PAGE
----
My short answer is that I think they are labels for the medical profession's excuses for not finding out the real, physical problem that's happening within afflicted individuals and fixing it/them. Meaning, the mind is part of the body, so if there's something wrong with it we should treat it just like we treat any other medical issue/disease/illness.
Particularly insulting and stigmatic, in my opinion, is when psychiatric issues are referred to as "behavioral health" issues. After all, it wasn't long ago that infertility, erectile dysfunction, heart problems, seizures, migraines, Alzheimer's, allergies, and MANY other common diseases treated physically today were considered "psychiatric" or "mental health" issues. Even being gay/lesbian was considered a psychiatric illness until just a few years ago--seriously and literally!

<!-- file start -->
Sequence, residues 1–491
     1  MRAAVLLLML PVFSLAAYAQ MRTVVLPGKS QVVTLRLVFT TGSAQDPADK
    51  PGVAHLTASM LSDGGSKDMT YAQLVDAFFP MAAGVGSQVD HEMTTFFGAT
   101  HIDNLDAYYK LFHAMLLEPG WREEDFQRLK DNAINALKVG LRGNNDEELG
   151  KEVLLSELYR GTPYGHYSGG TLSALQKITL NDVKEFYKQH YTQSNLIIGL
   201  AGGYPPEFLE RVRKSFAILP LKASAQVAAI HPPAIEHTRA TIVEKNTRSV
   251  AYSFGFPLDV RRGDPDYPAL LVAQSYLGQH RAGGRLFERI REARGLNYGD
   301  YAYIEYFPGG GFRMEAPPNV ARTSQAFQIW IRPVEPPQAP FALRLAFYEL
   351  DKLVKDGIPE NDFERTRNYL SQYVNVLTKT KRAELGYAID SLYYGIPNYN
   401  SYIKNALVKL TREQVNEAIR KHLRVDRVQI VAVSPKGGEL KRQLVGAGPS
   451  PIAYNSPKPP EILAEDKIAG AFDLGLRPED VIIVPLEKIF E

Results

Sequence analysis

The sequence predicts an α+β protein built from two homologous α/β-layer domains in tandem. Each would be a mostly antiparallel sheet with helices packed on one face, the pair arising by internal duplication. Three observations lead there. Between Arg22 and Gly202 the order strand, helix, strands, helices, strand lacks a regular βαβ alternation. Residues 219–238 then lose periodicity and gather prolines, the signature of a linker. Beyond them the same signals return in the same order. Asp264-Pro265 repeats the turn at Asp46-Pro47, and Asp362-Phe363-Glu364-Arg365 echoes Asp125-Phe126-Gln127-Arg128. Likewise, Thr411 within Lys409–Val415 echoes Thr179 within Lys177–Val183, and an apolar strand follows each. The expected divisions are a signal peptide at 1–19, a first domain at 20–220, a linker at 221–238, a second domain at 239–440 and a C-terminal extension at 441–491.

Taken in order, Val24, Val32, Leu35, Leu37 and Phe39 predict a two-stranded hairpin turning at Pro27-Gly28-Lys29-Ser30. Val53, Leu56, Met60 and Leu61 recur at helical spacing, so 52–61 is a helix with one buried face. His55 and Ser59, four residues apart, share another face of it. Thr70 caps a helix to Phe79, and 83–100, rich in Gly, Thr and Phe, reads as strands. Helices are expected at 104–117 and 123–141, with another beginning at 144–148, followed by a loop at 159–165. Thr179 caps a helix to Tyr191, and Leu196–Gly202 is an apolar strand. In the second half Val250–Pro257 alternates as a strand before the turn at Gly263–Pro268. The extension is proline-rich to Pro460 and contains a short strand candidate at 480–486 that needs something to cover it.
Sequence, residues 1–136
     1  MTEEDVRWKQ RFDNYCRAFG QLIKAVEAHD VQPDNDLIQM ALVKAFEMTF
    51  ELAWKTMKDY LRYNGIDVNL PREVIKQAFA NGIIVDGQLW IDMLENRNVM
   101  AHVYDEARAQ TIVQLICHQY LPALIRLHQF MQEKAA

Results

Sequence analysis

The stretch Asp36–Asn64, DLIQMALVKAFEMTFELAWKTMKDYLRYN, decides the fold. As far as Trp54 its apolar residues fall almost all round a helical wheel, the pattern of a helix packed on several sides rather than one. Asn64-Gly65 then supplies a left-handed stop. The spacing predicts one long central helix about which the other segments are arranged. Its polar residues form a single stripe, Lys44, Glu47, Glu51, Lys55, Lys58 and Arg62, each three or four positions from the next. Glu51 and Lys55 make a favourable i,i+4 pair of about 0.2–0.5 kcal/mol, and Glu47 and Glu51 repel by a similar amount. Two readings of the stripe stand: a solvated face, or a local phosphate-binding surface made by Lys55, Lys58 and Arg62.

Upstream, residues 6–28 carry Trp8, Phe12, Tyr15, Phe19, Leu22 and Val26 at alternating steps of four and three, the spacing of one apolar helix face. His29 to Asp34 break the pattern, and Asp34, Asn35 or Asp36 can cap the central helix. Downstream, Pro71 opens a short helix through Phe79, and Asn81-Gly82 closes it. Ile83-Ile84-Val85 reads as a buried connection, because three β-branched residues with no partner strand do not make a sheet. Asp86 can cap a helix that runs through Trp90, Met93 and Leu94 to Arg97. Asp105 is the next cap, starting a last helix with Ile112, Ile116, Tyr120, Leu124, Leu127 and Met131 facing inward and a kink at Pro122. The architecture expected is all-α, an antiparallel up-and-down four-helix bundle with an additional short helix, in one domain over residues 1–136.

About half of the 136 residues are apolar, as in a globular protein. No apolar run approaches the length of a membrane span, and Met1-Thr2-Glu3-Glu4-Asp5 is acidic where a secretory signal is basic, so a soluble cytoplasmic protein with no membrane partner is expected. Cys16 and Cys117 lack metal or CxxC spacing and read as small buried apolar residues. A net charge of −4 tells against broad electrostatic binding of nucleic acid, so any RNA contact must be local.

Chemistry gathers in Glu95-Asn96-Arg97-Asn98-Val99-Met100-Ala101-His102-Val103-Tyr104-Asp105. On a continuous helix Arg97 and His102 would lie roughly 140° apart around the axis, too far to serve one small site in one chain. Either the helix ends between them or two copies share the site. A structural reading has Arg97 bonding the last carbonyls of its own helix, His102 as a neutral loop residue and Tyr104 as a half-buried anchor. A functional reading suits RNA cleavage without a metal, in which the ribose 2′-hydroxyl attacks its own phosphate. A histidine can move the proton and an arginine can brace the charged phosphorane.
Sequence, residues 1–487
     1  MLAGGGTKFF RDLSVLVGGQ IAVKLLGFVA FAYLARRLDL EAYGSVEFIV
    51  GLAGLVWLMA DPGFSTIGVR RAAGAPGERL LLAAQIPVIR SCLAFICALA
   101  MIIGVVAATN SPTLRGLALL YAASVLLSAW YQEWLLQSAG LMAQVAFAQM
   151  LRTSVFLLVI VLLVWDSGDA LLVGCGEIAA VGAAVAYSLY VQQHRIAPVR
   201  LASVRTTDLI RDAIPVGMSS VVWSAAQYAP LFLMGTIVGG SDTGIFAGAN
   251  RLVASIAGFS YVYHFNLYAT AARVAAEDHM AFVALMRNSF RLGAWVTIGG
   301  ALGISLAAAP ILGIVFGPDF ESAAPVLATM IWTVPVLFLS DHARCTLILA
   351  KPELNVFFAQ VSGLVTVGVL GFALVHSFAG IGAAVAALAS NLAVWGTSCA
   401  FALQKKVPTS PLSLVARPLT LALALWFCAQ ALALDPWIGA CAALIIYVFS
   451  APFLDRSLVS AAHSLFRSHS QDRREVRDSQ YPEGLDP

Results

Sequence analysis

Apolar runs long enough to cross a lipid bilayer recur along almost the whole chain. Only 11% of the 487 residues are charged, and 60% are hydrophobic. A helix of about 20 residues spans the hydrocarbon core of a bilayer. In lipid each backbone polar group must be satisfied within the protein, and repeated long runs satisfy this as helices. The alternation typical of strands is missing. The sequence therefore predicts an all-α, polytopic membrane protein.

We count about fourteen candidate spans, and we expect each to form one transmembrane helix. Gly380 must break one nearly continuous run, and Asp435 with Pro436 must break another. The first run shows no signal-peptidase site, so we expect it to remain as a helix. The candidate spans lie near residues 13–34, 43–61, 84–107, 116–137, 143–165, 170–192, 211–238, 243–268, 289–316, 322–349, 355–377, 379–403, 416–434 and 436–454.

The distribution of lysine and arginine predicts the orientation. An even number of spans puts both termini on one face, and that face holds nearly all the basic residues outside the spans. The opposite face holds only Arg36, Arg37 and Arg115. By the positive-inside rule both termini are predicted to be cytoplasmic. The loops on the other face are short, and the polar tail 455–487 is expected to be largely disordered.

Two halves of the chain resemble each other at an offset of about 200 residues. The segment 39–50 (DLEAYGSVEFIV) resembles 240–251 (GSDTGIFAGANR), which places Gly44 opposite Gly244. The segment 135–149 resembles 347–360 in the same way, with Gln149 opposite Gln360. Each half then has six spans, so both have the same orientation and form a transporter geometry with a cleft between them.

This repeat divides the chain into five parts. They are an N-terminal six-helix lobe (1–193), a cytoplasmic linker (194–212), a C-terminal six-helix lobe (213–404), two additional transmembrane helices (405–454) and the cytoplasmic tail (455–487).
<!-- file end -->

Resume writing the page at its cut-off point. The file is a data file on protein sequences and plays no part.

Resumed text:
Hmm. Do you think our society has something to learn yet about "psychiatric" disorders? The brain changes in "psychiatric" patients can be measured on EEGs, PET scans, MRIs, sleep tests, and even autopsies... And they respond well in general to medicines, just like "physical" illnesses... "If it acts like a duck and quacks like a duck..." as the phrase goes....
Maybe that was my long answer or rant after all. LOL